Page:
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Tuesday, February 19, 2019 at 12:20pm to 1:15pm
700 Clark Hall
Debanjan Chowdhury, MIT, Physics Department
Faculty Search Candidate
Strange quantum matter: Fermi surfaces sans Fermi liquids
The concept of electronic quasiparticles, as introduced by Landau, is one of the cornerstones of the theory of quantum many-body systems. However, a growing number of recent experiments in strongly correlated quantum materials have forced us to confront the existence of quantum matter for which the concept of electronic quasiparticles does not apply. In the first part of this talk, I will consider the physics of an electrical insulator, where recent experiments have suggested the existence of gapless neutral fermionic excitations. In an effort to understand these paradoxical experiments, I will describe a new phase of matter--- the composite exciton Fermi liquid---which is an electrical insulator with a three-dimensional Fermi surface of neutral fermions. In the second part of the talk, inspired by the rich phenomenology of the parent states of numerous high-temperature superconductors, I will describe some recent progress in our understanding of metallic states that do not admit a quasiparticle description but that nonetheless have a sharply-defined Fermi surface. Finally, if time permits, I will present new experimental results on unconventional transport properties of magic-angle twisted bilayer graphene and comment on their possible connections with the rest of my talk.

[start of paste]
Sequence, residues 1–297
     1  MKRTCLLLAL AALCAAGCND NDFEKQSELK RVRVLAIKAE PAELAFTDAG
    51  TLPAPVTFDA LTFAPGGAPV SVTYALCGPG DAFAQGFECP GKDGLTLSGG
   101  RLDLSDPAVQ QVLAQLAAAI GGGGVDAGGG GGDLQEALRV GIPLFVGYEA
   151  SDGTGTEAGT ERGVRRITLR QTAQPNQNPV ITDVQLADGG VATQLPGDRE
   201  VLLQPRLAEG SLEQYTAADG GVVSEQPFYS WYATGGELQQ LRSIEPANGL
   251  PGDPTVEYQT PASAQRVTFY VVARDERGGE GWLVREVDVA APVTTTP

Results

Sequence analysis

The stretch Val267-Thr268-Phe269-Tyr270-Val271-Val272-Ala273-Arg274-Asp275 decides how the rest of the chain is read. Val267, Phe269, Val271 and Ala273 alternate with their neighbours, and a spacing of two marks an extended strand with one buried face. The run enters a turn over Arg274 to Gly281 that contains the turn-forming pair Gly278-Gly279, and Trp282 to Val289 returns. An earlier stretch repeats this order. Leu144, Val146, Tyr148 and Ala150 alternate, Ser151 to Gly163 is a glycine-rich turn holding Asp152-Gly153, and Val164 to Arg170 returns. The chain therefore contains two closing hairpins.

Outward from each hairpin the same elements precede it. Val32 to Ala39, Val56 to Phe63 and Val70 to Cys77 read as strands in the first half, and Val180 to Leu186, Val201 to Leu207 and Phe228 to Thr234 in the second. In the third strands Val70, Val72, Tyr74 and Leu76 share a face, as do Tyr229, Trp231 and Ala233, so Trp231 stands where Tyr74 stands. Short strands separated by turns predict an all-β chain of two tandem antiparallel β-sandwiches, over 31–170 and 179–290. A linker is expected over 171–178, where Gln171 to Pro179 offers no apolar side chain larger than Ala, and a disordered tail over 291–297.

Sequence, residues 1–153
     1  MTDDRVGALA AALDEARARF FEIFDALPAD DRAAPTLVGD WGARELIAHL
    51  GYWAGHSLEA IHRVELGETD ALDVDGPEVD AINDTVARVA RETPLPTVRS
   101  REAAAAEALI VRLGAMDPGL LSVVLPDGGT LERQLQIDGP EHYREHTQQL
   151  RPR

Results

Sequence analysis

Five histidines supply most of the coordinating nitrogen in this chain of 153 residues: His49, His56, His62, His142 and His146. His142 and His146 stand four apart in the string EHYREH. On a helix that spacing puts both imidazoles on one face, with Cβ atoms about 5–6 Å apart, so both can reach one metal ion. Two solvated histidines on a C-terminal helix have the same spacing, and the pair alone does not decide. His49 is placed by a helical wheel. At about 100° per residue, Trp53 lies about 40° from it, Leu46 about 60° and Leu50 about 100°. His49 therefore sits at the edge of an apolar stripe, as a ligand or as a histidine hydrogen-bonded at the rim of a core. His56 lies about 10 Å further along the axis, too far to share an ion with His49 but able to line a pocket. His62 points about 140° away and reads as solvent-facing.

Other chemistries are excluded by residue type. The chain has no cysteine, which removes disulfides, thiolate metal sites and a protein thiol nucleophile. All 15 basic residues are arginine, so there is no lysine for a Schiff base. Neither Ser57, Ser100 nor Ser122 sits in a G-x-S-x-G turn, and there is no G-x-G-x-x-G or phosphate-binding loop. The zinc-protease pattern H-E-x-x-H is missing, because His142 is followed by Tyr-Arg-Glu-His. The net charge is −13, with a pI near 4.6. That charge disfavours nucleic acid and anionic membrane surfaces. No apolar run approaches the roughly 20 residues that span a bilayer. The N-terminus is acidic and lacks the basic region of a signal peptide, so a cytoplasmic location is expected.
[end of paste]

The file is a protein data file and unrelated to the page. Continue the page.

Light refreshements will be served at noon.